Traditional Chinese Medicine does not recognize menopause as one particular syndrome. Instead, it aims to treat the specific symptoms that are unique to each individual using a variety of techniques, such as acupuncture, Chinese herbs, bodywork, lifestyle/dietary recommendations, and energetic exercises to restore imbalances found in the body. If 10 women are treated with Oriental medicine for hot flashes, each of these 10 women will receive a unique, customized treatment with different acupuncture points, different herbs, and different lifestyle and diet recommendations.

How Acupuncture Works
The mental and emotional symptoms that you are experiencing will help create a clear picture on which your practitioners can create a treatment plan specifically for you. The foundation for Oriental medicine is that there is a life energy flowing through the body, which is termed Qi (pronounced chee). This energy flows through the body on channels known as meridians that connect all our major organs. According to Chinese medical theory, illness arises when the cyclical flow of Qi in the meridians becomes unbalanced. Acupuncture is the stimulation of specific points located near or on the surface of the skin, which have the ability to alter various biochemical and physiological conditions in order to achieve the desired effect.

Lifestyle and Dietary Instructions
Menopause patients are encouraged to lose extra weight and to follow a diet with a high content of raw foods, fruits, and vegetables to stabilize blood sugar. Some foods may exacerbate hot flashes or increase mood swings. Steer clear of dairy products, red meats, alcohol, sugar, spicy foods, caffeine, and don't smoke. Lastly, try to eliminate stress, tension, and anxiety, or learn techniques to cope with stress so that you can diminish the effects that it has on your body and mind.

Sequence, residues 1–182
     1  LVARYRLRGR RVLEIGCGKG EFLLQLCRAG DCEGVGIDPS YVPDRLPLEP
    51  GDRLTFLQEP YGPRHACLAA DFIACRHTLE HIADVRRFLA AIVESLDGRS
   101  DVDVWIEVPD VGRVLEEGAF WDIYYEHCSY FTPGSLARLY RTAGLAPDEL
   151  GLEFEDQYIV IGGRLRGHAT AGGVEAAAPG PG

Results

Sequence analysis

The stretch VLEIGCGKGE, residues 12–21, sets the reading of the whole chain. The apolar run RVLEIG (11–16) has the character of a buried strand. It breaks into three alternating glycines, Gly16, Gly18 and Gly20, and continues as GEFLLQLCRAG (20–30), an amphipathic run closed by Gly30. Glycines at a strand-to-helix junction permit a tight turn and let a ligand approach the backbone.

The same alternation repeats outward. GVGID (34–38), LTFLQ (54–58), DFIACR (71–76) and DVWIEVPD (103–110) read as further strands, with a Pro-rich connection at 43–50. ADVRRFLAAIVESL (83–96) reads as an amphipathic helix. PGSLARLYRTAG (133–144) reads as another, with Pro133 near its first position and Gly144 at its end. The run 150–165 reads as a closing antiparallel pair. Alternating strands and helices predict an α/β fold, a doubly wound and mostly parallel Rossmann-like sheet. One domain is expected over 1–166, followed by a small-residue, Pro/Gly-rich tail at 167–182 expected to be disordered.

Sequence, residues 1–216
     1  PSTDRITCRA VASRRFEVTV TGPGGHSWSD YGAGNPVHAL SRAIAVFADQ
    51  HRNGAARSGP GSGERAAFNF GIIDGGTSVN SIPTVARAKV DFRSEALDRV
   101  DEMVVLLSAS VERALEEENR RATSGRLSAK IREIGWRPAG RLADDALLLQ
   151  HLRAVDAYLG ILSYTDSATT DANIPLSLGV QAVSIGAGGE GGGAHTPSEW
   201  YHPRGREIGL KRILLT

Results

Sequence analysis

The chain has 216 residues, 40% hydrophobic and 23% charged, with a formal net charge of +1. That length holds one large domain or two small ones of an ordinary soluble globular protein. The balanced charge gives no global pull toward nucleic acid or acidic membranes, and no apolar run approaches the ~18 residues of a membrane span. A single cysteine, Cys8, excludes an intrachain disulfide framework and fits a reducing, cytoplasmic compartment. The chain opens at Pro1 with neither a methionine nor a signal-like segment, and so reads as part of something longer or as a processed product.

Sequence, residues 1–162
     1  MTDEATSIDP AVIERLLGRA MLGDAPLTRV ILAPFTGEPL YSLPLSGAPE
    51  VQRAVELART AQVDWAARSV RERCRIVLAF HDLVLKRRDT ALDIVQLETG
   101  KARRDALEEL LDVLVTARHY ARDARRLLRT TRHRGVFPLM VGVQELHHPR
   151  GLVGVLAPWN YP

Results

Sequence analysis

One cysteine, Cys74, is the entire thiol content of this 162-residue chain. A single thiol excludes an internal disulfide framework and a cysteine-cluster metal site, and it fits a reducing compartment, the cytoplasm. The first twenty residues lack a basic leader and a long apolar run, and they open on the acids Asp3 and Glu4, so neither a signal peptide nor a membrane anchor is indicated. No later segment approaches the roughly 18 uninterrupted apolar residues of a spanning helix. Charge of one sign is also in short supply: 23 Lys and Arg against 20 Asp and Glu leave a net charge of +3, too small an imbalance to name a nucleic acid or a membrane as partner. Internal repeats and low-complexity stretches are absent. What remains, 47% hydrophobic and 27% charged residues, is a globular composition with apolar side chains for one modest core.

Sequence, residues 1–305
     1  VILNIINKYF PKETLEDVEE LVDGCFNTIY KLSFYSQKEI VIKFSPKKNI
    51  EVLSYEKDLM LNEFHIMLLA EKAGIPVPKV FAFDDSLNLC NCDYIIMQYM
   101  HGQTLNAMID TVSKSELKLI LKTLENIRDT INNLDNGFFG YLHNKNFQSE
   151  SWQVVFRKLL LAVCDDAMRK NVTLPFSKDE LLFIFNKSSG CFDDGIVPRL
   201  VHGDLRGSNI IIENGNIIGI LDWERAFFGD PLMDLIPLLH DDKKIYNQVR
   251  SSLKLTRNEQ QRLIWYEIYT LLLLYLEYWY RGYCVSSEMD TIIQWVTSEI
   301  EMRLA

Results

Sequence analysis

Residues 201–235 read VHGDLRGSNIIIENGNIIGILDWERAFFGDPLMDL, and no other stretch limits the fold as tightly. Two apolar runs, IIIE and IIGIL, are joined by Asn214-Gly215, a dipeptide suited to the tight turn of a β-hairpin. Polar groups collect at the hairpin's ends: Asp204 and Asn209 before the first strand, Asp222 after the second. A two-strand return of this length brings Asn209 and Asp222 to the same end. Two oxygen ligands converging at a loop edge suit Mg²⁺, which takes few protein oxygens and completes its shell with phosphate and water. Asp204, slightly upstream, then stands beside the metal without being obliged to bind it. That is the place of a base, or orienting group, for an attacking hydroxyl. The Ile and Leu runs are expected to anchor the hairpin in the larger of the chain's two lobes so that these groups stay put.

Please call us at 905.465.4595 for more information and to book your appointment.

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The Battle of Ice vs Heat

Joseph Wilson, RMT
Registered Massage Therapist, Sports Injury Therapist & Yoga Therapist In-Training

Joseph Wilson RMT My clients always ask me, “Should I apply ice or heat to an injury?”

My response is always the same, “Adult diapers.” And then there are a few moments of awkward silence, after which I add, “Depends…”

As a general rule, only use ice if the injury is fresh, you are playing quarterback in the Superbowl, and there are millions of dollars on the line. Ice is a good ‘battlefield’ remedy for when the mission is more important than the soldier and the later stages of healing are not as important as your immediate survival. Sometimes, you just need to apply some ice to take the swelling down, block out the pain, and get back to your hotel room where you can apply the other aspects of that old first aid acronym RICE – rest, compression, and elevation.